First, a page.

“Life truly begins after you have put your house in order”
Can you believe that it is July already? It only seems like yesterday that we were seeing in the new year with fresh eyes and setting those all important goals for the year. As we are now over halfway through the year, we often have lost sight of those aims and resolutions, and whilst we’ve generally been busy bees, it feels like we’re getting nowhere fast, sound familiar?
In this short post, I’m sharing with you that I am feeling like I’ve lost my focus a little, I’ve made no secret that times have been a little tough lately, but I’m finally starting to see more clearly so I can focus on what is important, one step at a time.
So here are a few things that may help you stop procrastinating and start doing!
“The way to get started is to quit talking and begin doing.”
Flexible working has not only become a top priority for employers, it is also a desirable for job candidates. As a result, working from home is continuing to grow in popularity, from saving money on your daily commute and no office interruptions, it can be a really effective way to handle those admin or project days.
It does however come with some challenges and the main concern from employers when allowing their employees to work from home is measuring how productive working from home can be, so there is a big emphasis upon trust on both sides of the employment relationship.
If like me, working from home is something you are able to do on occasion, it can be difficult to keep focused, so here are some easy ways that you can be your most productive self at home:
As I write this blog post, instead of sitting in my usual spot, the office at home, I thought I would continue the festive mood by sitting by the Christmas tree with it’s beautiful twinkling lights whilst drinking a cup of tea and a mince pie. You cannot get more festive than this!
Christmas is a time of year conjures up a mixture of thoughts and feelings, it is also a season of familiarity, full of traditions and not to mention an endless to do list. Whilst most soak up the atmosphere of the festive season, one thing that people think of, yet often forget to do is reflect upon the year that we are about to leave behind; sometimes we just need to take stock amongst the overflowing preparations to organise ourselves for the fresh year that awaits.
Many people believe that the harder you work, the quicker you’ll climb the career ladder quicker, resulting in more money and a greater sense of achievement. WRONG!
Researchers from City University have collected information from over 500,000 people in 30 different European countries, and considered the effects of long working hours hours, verses the effort put into an individual’s job against measures of wellbeing, and have linked this to career outcomes.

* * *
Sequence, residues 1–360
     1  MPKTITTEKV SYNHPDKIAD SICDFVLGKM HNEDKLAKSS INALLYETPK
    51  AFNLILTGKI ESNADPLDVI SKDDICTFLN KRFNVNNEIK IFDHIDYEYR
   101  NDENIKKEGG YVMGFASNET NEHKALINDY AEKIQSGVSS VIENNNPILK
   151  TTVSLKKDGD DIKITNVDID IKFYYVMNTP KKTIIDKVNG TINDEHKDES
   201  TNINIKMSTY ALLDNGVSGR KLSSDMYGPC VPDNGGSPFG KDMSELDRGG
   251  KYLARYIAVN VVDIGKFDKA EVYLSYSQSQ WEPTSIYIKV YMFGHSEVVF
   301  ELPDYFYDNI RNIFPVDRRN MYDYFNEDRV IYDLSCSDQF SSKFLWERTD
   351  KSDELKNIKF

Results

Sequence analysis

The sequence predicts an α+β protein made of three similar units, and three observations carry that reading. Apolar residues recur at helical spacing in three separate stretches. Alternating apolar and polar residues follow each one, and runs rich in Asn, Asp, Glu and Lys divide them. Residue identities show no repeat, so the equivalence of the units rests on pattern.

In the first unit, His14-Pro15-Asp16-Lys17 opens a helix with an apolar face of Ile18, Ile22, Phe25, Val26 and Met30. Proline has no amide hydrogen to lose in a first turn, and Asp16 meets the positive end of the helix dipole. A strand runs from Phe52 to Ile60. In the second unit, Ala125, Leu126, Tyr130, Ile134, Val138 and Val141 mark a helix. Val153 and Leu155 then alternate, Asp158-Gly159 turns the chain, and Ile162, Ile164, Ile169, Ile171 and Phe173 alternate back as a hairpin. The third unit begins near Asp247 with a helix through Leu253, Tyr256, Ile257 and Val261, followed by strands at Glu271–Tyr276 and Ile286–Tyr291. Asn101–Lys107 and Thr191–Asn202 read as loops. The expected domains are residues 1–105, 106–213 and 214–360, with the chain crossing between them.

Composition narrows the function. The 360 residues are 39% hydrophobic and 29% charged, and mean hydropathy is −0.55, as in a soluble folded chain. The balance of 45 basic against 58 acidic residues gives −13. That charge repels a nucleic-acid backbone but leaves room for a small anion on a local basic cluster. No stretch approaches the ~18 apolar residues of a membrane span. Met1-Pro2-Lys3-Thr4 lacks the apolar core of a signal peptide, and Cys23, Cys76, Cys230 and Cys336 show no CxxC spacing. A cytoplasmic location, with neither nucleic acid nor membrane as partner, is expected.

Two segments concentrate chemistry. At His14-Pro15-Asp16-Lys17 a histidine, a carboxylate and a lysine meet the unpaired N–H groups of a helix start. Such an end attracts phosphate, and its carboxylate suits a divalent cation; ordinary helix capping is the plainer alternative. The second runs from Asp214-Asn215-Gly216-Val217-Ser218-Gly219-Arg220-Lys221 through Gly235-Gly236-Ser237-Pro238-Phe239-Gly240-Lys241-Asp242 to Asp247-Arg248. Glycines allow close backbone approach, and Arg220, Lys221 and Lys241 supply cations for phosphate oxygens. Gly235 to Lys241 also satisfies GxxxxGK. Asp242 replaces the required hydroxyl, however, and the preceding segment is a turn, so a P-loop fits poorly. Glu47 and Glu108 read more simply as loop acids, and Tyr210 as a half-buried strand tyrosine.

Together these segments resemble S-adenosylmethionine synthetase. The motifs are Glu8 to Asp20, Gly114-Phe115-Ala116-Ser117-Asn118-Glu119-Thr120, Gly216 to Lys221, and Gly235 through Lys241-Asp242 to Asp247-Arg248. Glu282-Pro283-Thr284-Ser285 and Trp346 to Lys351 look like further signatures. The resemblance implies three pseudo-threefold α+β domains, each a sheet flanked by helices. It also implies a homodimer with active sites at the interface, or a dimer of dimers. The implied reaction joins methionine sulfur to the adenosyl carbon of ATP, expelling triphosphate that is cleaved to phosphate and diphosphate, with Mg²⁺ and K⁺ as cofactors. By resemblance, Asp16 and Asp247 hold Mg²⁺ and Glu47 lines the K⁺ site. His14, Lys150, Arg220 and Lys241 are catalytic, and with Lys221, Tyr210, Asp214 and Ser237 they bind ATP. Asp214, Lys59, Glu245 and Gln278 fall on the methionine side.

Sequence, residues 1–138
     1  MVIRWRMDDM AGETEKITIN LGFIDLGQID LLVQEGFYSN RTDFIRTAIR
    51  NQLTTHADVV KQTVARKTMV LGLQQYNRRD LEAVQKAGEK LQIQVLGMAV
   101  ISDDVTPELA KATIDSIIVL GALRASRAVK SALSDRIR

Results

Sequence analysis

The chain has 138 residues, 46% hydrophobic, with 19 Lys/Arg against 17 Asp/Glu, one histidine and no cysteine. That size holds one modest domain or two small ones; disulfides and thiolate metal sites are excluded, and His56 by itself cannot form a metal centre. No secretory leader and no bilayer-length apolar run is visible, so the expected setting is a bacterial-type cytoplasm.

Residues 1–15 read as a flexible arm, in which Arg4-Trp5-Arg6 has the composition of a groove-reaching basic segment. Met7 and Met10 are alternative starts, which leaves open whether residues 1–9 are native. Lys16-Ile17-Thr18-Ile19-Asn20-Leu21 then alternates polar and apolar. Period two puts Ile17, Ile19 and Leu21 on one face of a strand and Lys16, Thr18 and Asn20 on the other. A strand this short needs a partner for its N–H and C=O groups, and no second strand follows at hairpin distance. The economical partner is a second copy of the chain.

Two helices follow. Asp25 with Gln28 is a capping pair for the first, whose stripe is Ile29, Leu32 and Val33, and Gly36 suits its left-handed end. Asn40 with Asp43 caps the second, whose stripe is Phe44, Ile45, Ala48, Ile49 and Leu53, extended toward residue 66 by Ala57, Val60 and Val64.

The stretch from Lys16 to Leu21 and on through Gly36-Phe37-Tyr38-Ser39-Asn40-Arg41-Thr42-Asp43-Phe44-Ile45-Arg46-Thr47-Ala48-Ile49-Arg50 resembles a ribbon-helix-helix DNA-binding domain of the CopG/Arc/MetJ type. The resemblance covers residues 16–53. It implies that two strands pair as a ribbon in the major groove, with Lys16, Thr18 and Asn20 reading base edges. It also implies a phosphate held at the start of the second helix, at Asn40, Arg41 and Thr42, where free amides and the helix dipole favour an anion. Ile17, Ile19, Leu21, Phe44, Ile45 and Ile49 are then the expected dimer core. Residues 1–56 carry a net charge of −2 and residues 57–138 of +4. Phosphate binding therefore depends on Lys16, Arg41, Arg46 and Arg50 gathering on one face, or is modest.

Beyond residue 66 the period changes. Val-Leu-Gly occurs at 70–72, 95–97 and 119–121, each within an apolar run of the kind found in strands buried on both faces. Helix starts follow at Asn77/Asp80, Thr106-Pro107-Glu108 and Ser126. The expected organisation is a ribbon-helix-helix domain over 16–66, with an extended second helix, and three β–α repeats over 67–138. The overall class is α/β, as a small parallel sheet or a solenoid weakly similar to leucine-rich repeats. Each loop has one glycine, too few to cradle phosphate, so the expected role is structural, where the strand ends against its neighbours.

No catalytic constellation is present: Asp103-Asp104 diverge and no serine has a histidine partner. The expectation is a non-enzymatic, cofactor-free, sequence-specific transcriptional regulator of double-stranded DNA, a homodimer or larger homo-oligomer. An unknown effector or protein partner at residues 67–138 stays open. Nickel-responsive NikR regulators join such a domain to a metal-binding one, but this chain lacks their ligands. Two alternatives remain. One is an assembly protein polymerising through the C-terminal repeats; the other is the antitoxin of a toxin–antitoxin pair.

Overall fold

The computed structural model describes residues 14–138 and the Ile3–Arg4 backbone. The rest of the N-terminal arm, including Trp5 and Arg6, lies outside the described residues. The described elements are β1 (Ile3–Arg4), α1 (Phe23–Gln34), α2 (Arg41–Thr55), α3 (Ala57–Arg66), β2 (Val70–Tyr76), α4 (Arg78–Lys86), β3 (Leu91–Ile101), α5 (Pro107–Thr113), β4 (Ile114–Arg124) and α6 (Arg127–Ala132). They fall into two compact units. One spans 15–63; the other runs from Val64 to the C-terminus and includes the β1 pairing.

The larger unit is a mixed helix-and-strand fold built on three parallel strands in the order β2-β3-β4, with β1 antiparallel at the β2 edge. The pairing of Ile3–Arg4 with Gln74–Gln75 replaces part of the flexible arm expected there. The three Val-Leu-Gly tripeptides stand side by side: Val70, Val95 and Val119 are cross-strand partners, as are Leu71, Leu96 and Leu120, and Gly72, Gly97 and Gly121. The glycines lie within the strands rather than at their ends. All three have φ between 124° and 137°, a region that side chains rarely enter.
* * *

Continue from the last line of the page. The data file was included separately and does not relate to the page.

The research is a painful read, especially for those who put in the hours in a bid to increase their prospects. The study revealed a connection between an increased work volumes and reduced wellbeing. The results also highlight the negative effects of working too hard such as increased stress levels and increased risk of burnout, this is shown to outweigh the reward for demonstrating commitment and going the extra mile.
After another fantastic HR Hour on Twitter this week, we explored what qualities we would look for in a HR leader.
As you can imagine, this really generated a constructive conversation and it appears that many HR professionals like to see the same qualities in a leader, albeit in different ways. In this post I’ve picked some of my favourite tweets from the evening, so a huge thank you to the contributors who made the session so informative, we learn something new every week!
Having been fortunate throughout my career, I have worked with a couple of inspirational and positive HR leaders, but many involved in this week’s HR hour were convinced that a HR leader honing these desirable qualities is hard to find.
“A bad boss can take a great workforce and destroy it, causing the best employees to flee and the remainder to lose all motivation”
After all the festivities, it’s time to head back to the office and it’s no surprise that January is notoriously known for being the most depressing month of the year (yikes, tough crowd you’ve got here January!).
However, despite the dark days, dark nights and miserable weather, January is a month of opportunity and a perfect time for organisations to review their working practices to make improvements for the future.
Christmas can be a magical time of the year, but for some people it can be an emotionally challenging time and with pressure increasing year on year, it’s a time that can play havoc with our mental health.
Among the chaos of shopping, retail adverts, festive lattes and that image of a “perfect” Christmas; for some people, this time of year can conjure up feelings of dread, loneliness and sadness. Whilst Christmas is unavoidable, it is important to highlight that when it comes to festivities in the workplace, there are employees who struggle for various reasons, and the problem with this is that it is not always obvious as employees are often reluctant to talk about it which can make it difficult to offer relevant support.